Last Wednesday, a few hours after a vote recount had sealed his status as Atlanta's mayor-elect, Kasim Reed dropped into a local bar. But he wasn't there to celebrate his victory.
Reed was making a personal appearance at a small fundraiser for an Atlanta police officer who'd suffered spinal injuries in a car crash while on duty. As he mingled with the cops in a private room at Manuel's, Reed's cell phone rang, but no number popped up, so he didn't answer.
Within minutes, Reed was informed by excited aides that he'd accidentally blown off a congratulatory call from President Barack Obama.
"I guess you gotta know that when it says 'unknown caller,' it could be the White House," he says a little sheepishly as he recalls the oversight.
But Atlanta's next mayor has no time to dwell on lost opportunities. Save for a few more minutes of sleep here and there, Reed's post-election schedule nearly matches the breakneck pace of his come-from-behind campaign. Since the night of the Dec. 1 runoff, his days have been a blur of community meetings, business breakfasts, press conferences and interviews with the private-sector achievers Reed aims to lure into joining his administration – one he promises will be staffed by the best and brightest.
Some of those conversations have been successful: His choice for the city's chief operating officer is Peter Aman, managing partner of the Atlanta office of Bain & Co., a global consulting firm that specializes in advising Fortune 500 companies. Others, not so much: After serving for months as a punching bag for the Mary Norwood campaign, Jim Glass, the city's highly regarded chief financial officer, politely opted to retire rather than accept Reed's invitation to stay.
By the time you read this story, Reed may have announced his pick for "pension czar," a top-notch financial wizard who will – fingers crossed – prevent the city from being swallowed in red ink, GM-like. That appointment will be one of many new hires that Reed believes will convince doubters he's serious about improving the management culture in City Hall.
"I'm going to bring in people who never would've considered working for government," Reed says. "I want to be judged on the quality of my selections and my performance."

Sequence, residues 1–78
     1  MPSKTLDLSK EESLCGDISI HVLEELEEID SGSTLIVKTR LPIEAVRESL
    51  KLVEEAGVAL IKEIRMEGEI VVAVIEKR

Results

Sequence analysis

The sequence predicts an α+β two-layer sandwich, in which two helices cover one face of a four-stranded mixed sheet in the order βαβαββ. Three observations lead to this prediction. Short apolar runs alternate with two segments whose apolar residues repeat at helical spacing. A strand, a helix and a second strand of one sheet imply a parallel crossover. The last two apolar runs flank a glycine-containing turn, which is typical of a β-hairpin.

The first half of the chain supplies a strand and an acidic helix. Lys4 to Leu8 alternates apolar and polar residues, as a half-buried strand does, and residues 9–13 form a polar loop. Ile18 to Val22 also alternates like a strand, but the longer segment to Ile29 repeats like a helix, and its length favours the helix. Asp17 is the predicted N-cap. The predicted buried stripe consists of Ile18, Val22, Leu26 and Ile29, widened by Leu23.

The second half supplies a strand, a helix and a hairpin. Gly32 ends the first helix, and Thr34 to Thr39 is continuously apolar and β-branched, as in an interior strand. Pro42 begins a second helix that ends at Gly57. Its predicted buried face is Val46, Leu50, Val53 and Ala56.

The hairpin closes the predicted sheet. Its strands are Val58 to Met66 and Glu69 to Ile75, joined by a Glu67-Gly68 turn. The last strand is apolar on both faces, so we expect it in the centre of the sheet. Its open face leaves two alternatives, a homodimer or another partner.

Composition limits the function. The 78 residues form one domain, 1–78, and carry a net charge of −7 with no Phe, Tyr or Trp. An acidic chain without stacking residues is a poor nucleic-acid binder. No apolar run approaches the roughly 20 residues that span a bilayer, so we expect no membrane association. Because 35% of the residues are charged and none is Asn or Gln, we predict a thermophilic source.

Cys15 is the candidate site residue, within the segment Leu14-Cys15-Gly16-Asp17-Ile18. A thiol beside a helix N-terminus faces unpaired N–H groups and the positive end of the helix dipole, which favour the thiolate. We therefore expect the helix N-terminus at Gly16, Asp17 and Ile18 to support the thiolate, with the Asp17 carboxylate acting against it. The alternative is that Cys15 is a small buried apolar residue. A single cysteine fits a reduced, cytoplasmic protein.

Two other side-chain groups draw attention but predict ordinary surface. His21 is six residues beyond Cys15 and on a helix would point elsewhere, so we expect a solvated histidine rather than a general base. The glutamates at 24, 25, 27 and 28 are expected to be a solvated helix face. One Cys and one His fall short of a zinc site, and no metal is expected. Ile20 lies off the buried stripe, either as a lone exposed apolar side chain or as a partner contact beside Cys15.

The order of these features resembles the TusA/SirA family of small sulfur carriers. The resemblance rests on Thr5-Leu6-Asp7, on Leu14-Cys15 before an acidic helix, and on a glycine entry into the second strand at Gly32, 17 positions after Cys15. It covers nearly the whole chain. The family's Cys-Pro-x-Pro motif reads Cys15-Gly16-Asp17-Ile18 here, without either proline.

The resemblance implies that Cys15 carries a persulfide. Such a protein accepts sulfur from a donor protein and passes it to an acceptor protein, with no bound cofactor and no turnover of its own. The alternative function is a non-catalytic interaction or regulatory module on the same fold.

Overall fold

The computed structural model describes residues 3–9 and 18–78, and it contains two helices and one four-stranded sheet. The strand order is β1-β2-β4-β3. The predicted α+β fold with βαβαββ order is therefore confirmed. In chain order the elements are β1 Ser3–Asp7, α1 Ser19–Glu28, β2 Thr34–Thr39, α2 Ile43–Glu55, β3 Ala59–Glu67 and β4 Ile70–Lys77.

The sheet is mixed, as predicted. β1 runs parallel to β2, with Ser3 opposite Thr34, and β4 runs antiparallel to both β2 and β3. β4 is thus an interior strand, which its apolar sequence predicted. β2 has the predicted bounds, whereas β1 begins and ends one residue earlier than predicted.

Reed also hasn't afforded himself the luxury of holding grudges.
Although he and City Council President Lisa Borders were often at odds during mayoral debates, he says he grew to appreciate her intelligence, communication skills and dedication to public service.< p>"Lisa can have her pick of opportunities within the administration," he says.
Reed says he also plans to offer Norwood a "high-profile role" in the city, despite their bruising runoff battle that had its share of nasty moments.
Keeping former rivals so close would worry some politicians, because it increases the difficulty of getting away with anything unscrupulous. But Reed says that's the idea.
"My administration is going to have so much openness and transparency, it'll be frightening."
A serious man
These days, Reed is doing a lot of smiling, and it's not simply because of the election results.
During his 11 years as a state lawmaker, Reed was widely considered to be accessible, fair-minded and forthright, but you'd hardly say he was jolly. Where some politicians win over a room with glad-handing and friendly asides, Reed strives to reach people through the strength of his argument. Even in private conversation, he seldom strays from the formal, deliberate phrasing that's served him well as a corporate attorney.
Midway through his campaign, Reed's advisers delivered the bad news: Focus groups found him to be too sober-sided, even angry. To some, he seemed arrogant. In other words, he was the guy nobody wanted to have a beer with.
Reed, who turned 40 in June, realized he needed not simply to project a different image, but to consciously change an aspect of his personality.
"When you've done the stuff I do at the pace I do it, it tends to harden you," he says. "But people don't give a damn about what you know if they don't think you care."
Borders, for one, noticed his subtle transformation.
"In this environment, you need to be able to feel people's pain, and at first I thought Kasim wasn't empathetic," she recalls. "But as we spent more time together on the campaign trail, I saw his warmth. It really kicks in when he's dealing with young people. He cares about making sure they have the opportunities to reach their potential."
Reed, as you may have heard, is a bachelor with no children. But this bachelor is careful that no article describes him as "available."
"If that showed up in print, I'd be in a world of hurt," he says, referring to his girlfriend of two years whose name he's scrupulous about keeping private. Still, he opens the door to the possibility that he could get married before the end of his first term.
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